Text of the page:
Matchmaking works fine, but I very rarely managed to fill my team with human players. All too often I had to rely on bots to make up the numbers. For a game which launched on Game Pass, this could well be a very worrying sign for Deep Silver and Starbreeze Studios.
As I alluded to earlier, there isn’t an awful lot of content on offer in PAYDAY 3. It’s a by-the-numbers co-op FPS which unfortunately, doesn’t live up to the hype of its predecessors. I found myself struggling to find reasons to go back to each heist once I had completed it. This was partly because of the core similarities between each one.
The talk around the importance of planning a heist doesn’t really translate to the gameplay, where it’s far too easy to endlessly leg it round, nipping from one objective to the other, backed up with a generous amount of armour and health. That’s not to say it’s easy, but it means you’re reduced to gunning down swarms of enemies for most of your time playing rather than getting into the intricacies of planning and executing a heist.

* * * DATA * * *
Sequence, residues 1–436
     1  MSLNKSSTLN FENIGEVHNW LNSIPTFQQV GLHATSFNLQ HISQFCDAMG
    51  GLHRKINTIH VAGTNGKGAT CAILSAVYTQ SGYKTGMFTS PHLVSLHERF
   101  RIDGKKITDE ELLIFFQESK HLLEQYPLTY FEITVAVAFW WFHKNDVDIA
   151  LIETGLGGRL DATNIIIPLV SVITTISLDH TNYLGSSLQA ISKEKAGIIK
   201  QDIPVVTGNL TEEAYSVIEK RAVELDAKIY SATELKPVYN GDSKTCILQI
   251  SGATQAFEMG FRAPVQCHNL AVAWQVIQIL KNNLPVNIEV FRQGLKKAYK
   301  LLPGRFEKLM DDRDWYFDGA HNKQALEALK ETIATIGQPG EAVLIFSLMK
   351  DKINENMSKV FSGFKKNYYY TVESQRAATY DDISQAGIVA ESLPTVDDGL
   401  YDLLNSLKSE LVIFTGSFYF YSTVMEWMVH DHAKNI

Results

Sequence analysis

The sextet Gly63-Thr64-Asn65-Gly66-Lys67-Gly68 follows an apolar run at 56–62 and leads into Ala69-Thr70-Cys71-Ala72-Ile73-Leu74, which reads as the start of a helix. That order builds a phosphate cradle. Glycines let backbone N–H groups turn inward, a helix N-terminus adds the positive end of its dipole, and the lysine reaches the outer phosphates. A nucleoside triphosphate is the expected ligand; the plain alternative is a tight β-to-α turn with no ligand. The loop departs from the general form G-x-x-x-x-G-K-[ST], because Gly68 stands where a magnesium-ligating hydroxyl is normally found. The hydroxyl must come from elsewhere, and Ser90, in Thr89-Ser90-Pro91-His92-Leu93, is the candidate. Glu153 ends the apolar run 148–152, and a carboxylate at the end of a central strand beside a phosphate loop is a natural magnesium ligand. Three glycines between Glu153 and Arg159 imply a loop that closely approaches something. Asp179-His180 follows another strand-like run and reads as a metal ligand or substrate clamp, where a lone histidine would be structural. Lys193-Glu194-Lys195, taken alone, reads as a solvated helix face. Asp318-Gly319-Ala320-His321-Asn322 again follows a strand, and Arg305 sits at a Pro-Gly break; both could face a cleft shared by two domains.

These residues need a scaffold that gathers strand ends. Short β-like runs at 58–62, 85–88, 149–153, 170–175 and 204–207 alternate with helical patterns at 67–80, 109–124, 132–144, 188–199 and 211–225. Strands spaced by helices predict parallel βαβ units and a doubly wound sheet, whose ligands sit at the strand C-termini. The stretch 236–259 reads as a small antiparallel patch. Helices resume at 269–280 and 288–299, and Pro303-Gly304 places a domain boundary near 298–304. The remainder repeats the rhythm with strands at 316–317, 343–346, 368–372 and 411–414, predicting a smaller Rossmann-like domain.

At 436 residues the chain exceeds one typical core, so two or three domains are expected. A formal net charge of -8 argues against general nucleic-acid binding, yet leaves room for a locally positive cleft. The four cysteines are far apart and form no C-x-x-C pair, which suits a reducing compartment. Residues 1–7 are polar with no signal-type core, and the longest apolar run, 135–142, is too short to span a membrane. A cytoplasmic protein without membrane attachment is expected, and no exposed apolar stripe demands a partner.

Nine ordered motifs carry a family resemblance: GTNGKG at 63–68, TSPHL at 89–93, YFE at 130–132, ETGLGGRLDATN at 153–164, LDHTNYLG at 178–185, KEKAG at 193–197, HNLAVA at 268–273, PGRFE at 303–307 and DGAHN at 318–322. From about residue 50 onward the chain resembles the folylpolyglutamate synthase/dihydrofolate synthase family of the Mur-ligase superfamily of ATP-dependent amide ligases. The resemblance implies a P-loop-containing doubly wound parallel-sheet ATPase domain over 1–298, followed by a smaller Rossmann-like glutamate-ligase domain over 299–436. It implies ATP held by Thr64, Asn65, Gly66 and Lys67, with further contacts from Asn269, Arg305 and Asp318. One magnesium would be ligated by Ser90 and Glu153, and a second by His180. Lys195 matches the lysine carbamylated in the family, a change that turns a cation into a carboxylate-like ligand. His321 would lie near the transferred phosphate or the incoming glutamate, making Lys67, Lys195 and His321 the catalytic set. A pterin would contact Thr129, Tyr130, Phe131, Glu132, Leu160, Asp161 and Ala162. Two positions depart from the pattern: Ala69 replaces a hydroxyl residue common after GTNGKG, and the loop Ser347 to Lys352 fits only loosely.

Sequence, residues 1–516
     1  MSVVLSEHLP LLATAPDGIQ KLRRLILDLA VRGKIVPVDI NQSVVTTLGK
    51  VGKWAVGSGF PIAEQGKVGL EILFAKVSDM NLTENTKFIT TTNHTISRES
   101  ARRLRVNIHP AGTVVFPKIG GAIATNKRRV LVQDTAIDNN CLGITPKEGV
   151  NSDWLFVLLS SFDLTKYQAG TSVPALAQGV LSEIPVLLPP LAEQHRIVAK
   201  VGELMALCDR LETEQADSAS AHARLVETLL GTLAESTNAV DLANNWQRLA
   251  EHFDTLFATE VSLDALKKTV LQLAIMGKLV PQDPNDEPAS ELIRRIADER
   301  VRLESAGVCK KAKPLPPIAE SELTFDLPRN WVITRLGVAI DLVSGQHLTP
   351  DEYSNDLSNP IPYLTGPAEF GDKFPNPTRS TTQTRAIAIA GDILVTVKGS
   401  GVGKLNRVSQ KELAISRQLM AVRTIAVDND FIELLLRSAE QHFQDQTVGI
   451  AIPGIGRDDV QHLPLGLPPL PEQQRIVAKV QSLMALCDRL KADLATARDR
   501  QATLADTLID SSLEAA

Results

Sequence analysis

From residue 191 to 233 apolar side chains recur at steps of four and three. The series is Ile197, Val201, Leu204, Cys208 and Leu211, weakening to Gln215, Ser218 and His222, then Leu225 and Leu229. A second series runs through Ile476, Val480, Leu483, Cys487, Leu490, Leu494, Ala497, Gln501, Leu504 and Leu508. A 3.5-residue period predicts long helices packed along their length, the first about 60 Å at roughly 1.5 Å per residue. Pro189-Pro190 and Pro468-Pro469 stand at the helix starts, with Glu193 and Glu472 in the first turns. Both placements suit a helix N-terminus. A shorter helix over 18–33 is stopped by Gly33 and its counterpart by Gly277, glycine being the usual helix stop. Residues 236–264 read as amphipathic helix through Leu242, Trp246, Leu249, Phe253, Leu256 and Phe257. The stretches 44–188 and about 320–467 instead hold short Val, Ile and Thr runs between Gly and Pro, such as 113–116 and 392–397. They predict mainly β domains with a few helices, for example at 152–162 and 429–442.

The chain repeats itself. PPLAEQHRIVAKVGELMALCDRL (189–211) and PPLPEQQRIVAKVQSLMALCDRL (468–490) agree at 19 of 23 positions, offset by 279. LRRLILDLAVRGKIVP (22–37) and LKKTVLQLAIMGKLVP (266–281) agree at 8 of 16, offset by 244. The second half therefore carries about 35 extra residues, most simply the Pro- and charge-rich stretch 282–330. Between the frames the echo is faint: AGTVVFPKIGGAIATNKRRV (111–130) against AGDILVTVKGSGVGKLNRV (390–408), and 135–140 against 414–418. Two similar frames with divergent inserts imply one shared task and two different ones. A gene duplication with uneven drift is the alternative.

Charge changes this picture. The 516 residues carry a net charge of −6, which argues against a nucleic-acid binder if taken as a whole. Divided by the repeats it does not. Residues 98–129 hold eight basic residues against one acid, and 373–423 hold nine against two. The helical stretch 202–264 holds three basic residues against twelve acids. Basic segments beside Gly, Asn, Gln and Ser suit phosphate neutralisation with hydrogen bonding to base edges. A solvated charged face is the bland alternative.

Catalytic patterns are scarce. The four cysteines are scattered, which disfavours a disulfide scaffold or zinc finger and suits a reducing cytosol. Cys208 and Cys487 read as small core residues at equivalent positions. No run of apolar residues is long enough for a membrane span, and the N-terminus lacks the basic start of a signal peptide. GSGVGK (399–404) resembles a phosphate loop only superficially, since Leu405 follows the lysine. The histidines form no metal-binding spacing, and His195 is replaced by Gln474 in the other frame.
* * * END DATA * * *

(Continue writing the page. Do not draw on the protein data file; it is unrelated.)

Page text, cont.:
Then there’s the cost. It’s a full price release (£35), with the gold edition costing more than double that. For your extra pennies, you get a few in-game items and access to the gold level 12 month season pass, which has so far only delivered one single additional heist (alongside a few weapons and skins).
More content has been provided free of charge to date, than under the paid DLC banner. It’s a good job, then, that PAYDAY 3 is on Xbox Game Pass (at the time of writing anyhow). Therein lies the problem because with a game structured like this, it needs a steady stream of new content, in-game events and other features to keep players engaged. It feels as if the developers have already run out of ideas.
PAYDAY 3 is sadly a classic case of style over substance. It’s a “by the numbers” FPS whose uninspiring offer struggles to distinguish it from the competition.